AARP Supports Fiduciary Rule’s Pro-Litigation Provisions

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By Jacklyn Wille

Dec. 12 — The AARP has long supported the Labor Department’s fiduciary rule, but the group’s latest court filing has a new twist: It specifically praises the way the rule protects a person’s right to bring litigation.

In a proposed amicus brief filed Dec. 9, the AARP and six other groups thoroughly defended how the fiduciary rule discourages investment advisers from forcing clients to sign contracts waiving the right to bring a class action. This provision is just “one among several steps” the federal government has taken to “curb companies’ efforts to shield themselves from class actions through the fine print,” the brief contends ( Thrivent Fin. for Lutherans v. Perez , D. Minn., No. 0:16-cv-03289-SRN-HB, proposed amicus brief filed 12/9/16 ).

The AARP has filed briefs in each of the pending lawsuits challenging the DOL’s fiduciary rule. Unlike the comprehensive briefs filed in Washington, D.C., Texas and Kansas, the AARP’s latest brief focuses specifically on the rule’s class action provision, which critics say violates the Federal Arbitration Act by disfavoring private arbitration as a means to resolve disputes.

The fiduciary rule, which purports to cut down on allegedly conflicted advice given to retirement savers by the financial industry, allows advisers to avoid some of the rule’s most stringent requirements if they refrain from requiring clients to sign class action waivers. Fraternal benefit society Thrivent Financial for Lutherans challenges the legality of this provision, which the society says will force it to lose its “fraternal character” by giving up its signature alternative dispute resolution program.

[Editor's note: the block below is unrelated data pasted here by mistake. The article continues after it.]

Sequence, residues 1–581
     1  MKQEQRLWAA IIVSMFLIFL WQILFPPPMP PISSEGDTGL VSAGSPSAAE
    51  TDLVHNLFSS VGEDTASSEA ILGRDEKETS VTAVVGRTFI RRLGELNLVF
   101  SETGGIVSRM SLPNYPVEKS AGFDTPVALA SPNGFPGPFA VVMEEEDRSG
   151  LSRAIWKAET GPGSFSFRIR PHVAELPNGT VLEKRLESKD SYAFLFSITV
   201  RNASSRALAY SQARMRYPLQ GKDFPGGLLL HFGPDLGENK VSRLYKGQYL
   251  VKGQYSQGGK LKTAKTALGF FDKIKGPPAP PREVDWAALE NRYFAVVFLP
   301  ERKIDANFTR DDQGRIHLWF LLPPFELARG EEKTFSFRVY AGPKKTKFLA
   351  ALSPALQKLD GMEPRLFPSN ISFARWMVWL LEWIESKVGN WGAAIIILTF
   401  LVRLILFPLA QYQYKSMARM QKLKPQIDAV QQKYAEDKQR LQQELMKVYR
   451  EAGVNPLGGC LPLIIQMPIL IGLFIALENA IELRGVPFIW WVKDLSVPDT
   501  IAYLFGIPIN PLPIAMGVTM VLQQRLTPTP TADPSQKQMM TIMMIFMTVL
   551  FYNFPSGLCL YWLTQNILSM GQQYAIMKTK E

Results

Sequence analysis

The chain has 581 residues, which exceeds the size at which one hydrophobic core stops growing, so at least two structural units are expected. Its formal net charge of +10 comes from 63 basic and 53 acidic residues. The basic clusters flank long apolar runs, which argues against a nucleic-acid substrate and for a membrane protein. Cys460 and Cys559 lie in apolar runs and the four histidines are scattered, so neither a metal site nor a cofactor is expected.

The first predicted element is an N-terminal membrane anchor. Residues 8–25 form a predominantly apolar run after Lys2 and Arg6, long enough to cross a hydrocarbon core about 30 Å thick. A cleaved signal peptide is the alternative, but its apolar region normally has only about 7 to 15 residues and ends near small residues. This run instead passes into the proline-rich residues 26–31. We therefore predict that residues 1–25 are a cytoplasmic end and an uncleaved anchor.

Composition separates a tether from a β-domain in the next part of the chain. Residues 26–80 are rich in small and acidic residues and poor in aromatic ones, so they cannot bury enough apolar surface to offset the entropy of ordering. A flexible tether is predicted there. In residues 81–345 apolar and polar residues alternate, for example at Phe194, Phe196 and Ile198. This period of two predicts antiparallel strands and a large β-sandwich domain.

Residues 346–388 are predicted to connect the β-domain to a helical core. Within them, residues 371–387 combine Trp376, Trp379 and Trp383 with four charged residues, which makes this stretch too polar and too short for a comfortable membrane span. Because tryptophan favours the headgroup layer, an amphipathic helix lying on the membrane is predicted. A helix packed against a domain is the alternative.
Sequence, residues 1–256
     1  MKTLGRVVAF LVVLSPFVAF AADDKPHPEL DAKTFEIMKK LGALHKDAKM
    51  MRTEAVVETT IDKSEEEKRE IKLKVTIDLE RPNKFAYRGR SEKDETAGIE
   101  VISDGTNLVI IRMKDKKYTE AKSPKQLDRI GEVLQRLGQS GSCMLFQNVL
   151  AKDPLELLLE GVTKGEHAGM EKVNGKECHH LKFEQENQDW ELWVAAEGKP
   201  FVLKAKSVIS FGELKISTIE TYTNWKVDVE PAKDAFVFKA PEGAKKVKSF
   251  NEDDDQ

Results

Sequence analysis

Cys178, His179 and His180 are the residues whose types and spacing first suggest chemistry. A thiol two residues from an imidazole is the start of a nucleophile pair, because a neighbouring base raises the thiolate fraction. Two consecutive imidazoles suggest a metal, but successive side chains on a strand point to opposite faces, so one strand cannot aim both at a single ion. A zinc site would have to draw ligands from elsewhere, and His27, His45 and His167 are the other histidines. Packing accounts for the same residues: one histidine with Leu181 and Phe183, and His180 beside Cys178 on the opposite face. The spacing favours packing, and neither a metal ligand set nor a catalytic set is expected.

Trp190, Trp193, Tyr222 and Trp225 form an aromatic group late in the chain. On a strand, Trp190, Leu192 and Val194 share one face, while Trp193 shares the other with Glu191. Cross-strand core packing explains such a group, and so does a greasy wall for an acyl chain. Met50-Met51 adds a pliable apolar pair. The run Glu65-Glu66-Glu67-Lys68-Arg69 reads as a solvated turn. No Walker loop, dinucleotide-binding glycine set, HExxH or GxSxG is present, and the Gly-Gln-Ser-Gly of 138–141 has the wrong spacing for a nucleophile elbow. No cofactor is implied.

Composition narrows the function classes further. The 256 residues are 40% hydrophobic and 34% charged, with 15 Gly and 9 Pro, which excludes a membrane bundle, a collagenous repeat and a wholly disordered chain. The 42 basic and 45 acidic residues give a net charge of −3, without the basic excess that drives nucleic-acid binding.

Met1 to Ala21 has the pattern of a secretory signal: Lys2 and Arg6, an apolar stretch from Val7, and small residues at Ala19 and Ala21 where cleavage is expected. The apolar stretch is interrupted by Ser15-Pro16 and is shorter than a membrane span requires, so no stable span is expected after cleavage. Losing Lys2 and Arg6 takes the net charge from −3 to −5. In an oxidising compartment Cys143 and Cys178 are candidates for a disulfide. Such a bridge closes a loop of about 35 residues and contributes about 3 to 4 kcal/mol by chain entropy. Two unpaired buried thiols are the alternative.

In defending the fiduciary rule’s class action provision, the AARP cited a recent study on forced arbitration by the Consumer Financial Protection Bureau. According to the AARP, the report found that class action waivers don’t channel claims to a “better, faster, cheaper system of dispute resolution.” Rather, they “suppress claims altogether” and “immunize companies from accountability,” the AARP alleged.

The fiduciary rule, which has survived two legalchallenges in the run-up to its April 2017 applicability date, faces an uncertain future under President-elect Donald Trump. While Trump hasn’t personally commented on the rule, it’s been singled out for repeal by Trump adviser Anthony Scaramucci. Trump’s recent pick for Labor Secretary, fast-food CEO Andrew Puzder, has also remained silent on the rule.

The AARP’s brief—which hasn’t yet been accepted by the court—was filed in the U.S. District Court for the District of Minnesota by Gupta Wessler PLLC and Teske Micko Katz Kitzer & Rochel PLLP. The groups signing onto the AARP brief include: AARP Foundation, the American Association for Justice, Americans for Financial Reform, Better Markets Inc., Consumer Federation of America and the Public Investors Arbitration Bar Association.

To contact the reporter on this story: Jacklyn Wille in Washington at jwille@bna.com

To contact the editor responsible for this story: Jo-el J. Meyer at jmeyer@bna.com

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